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Normalcy bias: this is fine?

Last Updated 2022/04/12

A recent tragic fire on a plane in Moscow's Sheremetyevo airport killed 41 passengers including 2 children. Many passenger-recorded videos emerged soon after the event and served to highlight just how terrifying and quickly a disaster can strike. One of the most startling aspects of the tragedy was the reports of passengers calmly collecting luggage as they prepared to evacuate, leading to a knock-on delay that was certainly responsible for some of the eventual victims not being able to escape in time.

The initial public response to this is understandably incredulous and angry: how could people be so selfish and inconsiderate? The answer lies in Normalcy bias.

Normalcy bias is the tendency for individuals to underestimate the potential or scale for a disaster, even when they are in the midst of one. Reports by survivors of 9/11 contain incredible stories of people wandering around in an apparent daze after the first plane hit the tower, consulting with each other about whether to leave or not.

"I was looking for something to take with me. I remember I took my book. Then I kept looking around for other stuff to take. It was like I was in a trance," - 9/11 survivor Elia Zedeno

The reason for this procrastination lies in the way our brains process information and then fall back on habitual behaviours. There is a delay at the best of times when we try and parse new information, but when we are stressed that delay increases dramatically. If we have no set or practiced behaviours for emergency situations then we tend to just initiate the most easily accessible behaviour (i.e. what we do every normal time we disembark a plane).

20% of small businesses fail in their first year, 30% of small businesses fail in their second year, and 50% of small businesses fail after five years in business. Eventually, 70% of small business owners fail in their 10th year in business. Could it be that normalcy bias engages towards the end-stages of these companies, and that disaster may be averted if this is recognised? A startling example is the 2008 financial crisis which was propagated by the normalcy bias that real-estate was somehow protected from economic downturns (“nothing is as safe as houses”).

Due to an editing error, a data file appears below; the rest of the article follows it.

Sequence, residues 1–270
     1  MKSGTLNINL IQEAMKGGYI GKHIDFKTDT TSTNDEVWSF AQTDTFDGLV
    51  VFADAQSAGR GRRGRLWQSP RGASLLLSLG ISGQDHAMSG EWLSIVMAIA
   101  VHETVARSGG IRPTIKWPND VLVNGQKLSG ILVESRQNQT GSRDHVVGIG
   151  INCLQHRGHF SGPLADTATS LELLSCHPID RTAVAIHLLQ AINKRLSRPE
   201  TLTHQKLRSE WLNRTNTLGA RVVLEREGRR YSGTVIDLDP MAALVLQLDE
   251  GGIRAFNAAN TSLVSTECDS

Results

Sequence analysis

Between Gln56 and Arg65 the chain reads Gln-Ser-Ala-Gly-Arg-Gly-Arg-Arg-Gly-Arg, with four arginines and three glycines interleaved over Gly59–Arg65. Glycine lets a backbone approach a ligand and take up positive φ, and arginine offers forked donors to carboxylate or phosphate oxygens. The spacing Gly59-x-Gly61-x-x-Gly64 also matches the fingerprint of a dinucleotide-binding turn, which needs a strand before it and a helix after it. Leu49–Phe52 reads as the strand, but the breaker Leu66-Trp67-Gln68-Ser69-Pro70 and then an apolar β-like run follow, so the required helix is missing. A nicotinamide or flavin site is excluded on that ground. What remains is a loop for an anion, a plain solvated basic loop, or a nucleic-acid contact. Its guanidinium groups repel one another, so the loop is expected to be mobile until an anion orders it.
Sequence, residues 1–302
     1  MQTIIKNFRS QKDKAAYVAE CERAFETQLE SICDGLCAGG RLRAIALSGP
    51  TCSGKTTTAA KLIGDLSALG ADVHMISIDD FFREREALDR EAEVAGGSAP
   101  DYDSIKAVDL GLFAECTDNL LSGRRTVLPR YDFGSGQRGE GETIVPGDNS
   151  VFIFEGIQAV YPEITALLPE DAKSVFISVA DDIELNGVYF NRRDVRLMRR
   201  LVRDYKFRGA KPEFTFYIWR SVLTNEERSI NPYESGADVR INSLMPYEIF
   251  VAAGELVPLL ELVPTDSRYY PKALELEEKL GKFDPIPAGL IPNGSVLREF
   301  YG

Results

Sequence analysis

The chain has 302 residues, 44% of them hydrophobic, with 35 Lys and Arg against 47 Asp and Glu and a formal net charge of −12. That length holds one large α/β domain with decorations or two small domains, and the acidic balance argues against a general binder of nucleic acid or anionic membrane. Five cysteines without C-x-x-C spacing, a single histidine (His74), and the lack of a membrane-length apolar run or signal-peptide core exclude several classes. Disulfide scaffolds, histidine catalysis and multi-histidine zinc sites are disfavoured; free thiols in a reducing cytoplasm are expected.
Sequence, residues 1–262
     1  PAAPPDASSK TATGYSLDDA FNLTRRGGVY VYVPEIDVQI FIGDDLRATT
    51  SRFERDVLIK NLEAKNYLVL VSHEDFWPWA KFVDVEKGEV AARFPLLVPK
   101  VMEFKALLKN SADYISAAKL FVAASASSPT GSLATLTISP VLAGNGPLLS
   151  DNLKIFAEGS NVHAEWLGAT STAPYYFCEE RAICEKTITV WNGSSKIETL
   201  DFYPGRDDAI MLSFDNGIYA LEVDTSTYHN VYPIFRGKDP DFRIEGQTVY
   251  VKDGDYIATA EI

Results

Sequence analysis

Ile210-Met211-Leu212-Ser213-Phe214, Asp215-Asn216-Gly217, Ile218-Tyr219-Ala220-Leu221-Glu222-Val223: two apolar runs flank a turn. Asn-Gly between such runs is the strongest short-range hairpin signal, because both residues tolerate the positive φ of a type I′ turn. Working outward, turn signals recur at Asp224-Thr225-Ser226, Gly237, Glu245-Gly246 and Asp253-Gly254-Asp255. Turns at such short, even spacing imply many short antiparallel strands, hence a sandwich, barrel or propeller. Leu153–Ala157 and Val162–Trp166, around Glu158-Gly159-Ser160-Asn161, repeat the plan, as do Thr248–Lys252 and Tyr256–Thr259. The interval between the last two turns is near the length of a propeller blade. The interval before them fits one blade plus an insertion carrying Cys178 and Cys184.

Prevention of normalcy bias is usually geared towards natural disasters, but even a small business failing is a disaster for everyone involved. Have you thought of the following for your business?

  • Preparation - What could go wrong (new competitor, customer dissatisfaction, seasonal changes)?
  • Warning - Do you have clear ways to measure negative events and make sure you or employees are notified (i.e. monitoring social media for customer complaints, keyword searches for discovering new competitors)
  • Impact - Do you have a prepared statement or mitigation tactic if there is a significant customer backlash or change in demand?
  • Aftermath - Do you have enough cash reserve to survive an impact or are you investing in growth under the belief that everything will remain safe?

It is also very important to not overreact, but to just be prepared. Most deviations from normal do not result in disaster, but don’t fall victim to another popular bias “The Planning Fallacy” when considering mitigating actions against it!

Adam Sykes